“Last week marked a steady return to normality. Indeed, the past couple of months have been hard, but we have managed to pull through together as we now transition onto the next phase full of hope,” commented Anton Sevasta, Chief Executive Officer of the Identity Malta Agency.
Mr Sevasta gave an overview of changes and adaptations to important procedures handled by the agency in the wake of the COVID-19 pandemic.
“In reality, no one was prepared for what the UN describes as the biggest test since World War II. We had no manual on how to charter these choppy waters, but what we did know is that we had to act fast and adapt quickly.
“Despite Government entities seeking to provide stability and consistency, they were compelled to transform themselves overnight, and Identity Malta was no exception,” he said.
Mr Sevasta highlighted how during COVID-19, together with Parliamentary Secretary for Citizenship and Communities Alex Muscat, they devised a business contingency plan which was “primarily intended to protect the wellbeing of employees and safeguard public health, whilst continuing to provide the best possible service”.
“Above all, we wanted to strictly abide by the health authorities’ advice, even if it meant to quickly adapt to new work practices and change business models,” Mr Sevasta continued.
Such precautionary measures meant that 1,440 Maltese ID cards which were about to expire, were automatically extended till the end of June and expatriates could renew their single permit or apply to change their job online.
“As an Agency we are committed towards supporting our community and in response to the pandemic, we have introduced new procedures covering all aspects of life, from birth to death.
“As a matter of fact, one of the first decisions was to allow birth and death registrations-by-mail, with 350 births and 100 deaths being remotely registered from the safety and comfort of one’s home.
“Nonetheless, plans are still in place to allow online birth and death registrations and for the re-opening of Mater Dei’s office, which apart from customer convenience, these will lead to fewer walk-ins and shorter queuing-time,” he explained.
On a daily basis, Identity Malta touches people’s lives and the past months have been extremely hard for those couples who had to postpone their big day for their safety and the safety of others.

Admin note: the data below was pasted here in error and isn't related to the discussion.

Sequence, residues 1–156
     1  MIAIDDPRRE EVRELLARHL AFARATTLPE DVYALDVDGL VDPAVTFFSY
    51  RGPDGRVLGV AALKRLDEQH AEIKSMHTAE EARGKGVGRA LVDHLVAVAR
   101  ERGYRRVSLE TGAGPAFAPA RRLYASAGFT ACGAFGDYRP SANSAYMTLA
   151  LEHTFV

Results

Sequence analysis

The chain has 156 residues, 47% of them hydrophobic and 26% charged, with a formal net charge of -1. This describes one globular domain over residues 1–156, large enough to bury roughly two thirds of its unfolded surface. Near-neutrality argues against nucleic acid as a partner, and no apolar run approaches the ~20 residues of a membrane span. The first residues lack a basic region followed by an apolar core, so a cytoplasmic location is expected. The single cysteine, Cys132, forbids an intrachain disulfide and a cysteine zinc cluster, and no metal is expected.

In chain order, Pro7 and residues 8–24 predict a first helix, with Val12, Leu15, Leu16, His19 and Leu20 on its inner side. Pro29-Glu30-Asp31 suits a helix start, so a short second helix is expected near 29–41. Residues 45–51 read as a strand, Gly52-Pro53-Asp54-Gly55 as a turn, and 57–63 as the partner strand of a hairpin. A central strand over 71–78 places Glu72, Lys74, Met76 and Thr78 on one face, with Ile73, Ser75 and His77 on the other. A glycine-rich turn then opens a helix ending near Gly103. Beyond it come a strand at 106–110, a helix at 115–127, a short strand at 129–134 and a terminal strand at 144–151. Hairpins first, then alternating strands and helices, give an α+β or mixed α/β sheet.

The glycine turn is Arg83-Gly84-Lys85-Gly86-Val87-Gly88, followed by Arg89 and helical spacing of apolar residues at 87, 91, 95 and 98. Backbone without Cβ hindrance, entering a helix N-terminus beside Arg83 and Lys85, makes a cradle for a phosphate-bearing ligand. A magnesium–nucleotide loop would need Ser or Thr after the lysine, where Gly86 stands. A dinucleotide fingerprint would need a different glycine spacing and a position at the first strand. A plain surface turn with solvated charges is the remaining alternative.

“Although it is a very tough call to make, especially when long months of planning and preparations are involved, it is the most reasonable thing to do in these exceptional times,” Mr Sevasta said.
In response, Identity Malta chose to waive its marriage registration fee to more than 210 couples (and counting) who had to defer their marriage to a later date because of the pandemic. It is the least thing we can do during these difficult times.
“Apart from doing our part on a community level, we felt the need to be there for our frontline workers. In our efforts to support our healthcare system, 480 healthcare professionals, including live-in carers, had their single permit automatically extended by a further three months.
“This was done by electronic means and without the need to visit our offices, thus, preventing the risk of spreading or contracting the virus. We truly value our frontliners’ contribution and that is why we wanted to ease the administrative burden so that they could carry on their vital work caring for patients.”
Evidently, these have been trying times and as “an Agency we have swiftly responded to better address public needs by bringing forward our plans.”
The recently launched online single permit platform and the other online initiatives taken are all part of Identity Malta’s digital drive.
In the post-COVID era, going online is necessary more than ever. All this adds up to a whole new way of doing business in the public sector. But ultimately, it is people and not just processes that bring about change in our quest to a new norm at the place of work. If it were not for Identity Malta’s staff perseverance and determination, these initiatives would have not materialised overnight.